I am an unequivocal supporter of public art. This does not mean however, that I champion every piece. Something about the nature of art invites controversy, so supporting its existence doesn’t mean I like it all, but rather that I commit to the conversation.
Ottawa is covered in public art, from historical tributes to some of the early European settlers, to contemporary reflections on the Indigenous history they clear-cut in their flag raising.
Everywhere you walk, stone men with victorious postures tower over you from podiums, pedestals, and hilltops. As is the nature of statues I suppose. And more than a few government men. To tower.
At first I have this impulse not to step on their shadows, like the way you’re not supposed to walk over graves. But by midday on any common pathway the shadows claim so much ground it’s impossible to weave between them. A stone image in the likeness of Duval, standing with his arm out, casts a long shadow from way up there. I wave. Maybe he’s blessing us. Or puppeteering? Or maybe he’s a hand talker, and the sculptor caught him mid-sentence.
Level to the foot traffic I notice many pieces of Indigenous artwork: dream catchers and inuksuks proclaiming their presence at intersections, and resting in the reprieve of public parks. My favorite installation is called the Gather Ring. It sits on the Ottawa side of the portage bridge, overlooking the river and linking the capitol to the Ville de Gatineau. An in-between place. An invitation to boundary-hop. A liminal space.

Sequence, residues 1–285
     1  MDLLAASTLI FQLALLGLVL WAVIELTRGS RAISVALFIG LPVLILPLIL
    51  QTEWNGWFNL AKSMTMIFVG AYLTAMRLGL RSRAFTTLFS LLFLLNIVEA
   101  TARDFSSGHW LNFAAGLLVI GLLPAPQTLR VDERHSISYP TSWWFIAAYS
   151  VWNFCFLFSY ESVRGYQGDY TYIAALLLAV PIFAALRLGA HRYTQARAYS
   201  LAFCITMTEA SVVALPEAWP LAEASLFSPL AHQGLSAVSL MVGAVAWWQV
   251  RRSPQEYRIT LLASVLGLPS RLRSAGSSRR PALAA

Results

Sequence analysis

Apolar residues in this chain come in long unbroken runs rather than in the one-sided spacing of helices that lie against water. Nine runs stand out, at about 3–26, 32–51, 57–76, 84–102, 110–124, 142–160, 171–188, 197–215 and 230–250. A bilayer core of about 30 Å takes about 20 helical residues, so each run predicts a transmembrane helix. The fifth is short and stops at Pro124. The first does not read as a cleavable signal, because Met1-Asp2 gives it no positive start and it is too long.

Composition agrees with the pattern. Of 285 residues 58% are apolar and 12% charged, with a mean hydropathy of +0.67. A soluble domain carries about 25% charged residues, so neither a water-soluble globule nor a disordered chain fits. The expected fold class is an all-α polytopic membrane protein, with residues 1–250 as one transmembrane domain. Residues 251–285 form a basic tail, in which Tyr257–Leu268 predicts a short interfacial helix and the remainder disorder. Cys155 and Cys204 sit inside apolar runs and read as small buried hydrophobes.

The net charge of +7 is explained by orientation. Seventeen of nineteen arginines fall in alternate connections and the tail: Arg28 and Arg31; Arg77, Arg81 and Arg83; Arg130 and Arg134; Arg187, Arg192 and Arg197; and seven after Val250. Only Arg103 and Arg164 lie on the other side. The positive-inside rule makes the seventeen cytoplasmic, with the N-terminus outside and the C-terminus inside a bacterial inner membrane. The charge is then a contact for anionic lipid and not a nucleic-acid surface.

This spidery dream catcher is made of wood, and chain-link and glass: enduring and delicate, and deeply symbolic. In the centre rests a black hole made of Canadian granite, etched with a turtle shell pattern in reference to Turtle Island. I stand up from the bench and line my toes up with the lip of that black hole and close my eyes, hoping to tumble over the edge into a different world, like Skywoman. A world where people and animals worked together and honored their inherent connection to the planet, and each other. A good vision. A dream, caught. One of those dreams I hold on to after I open my eyes.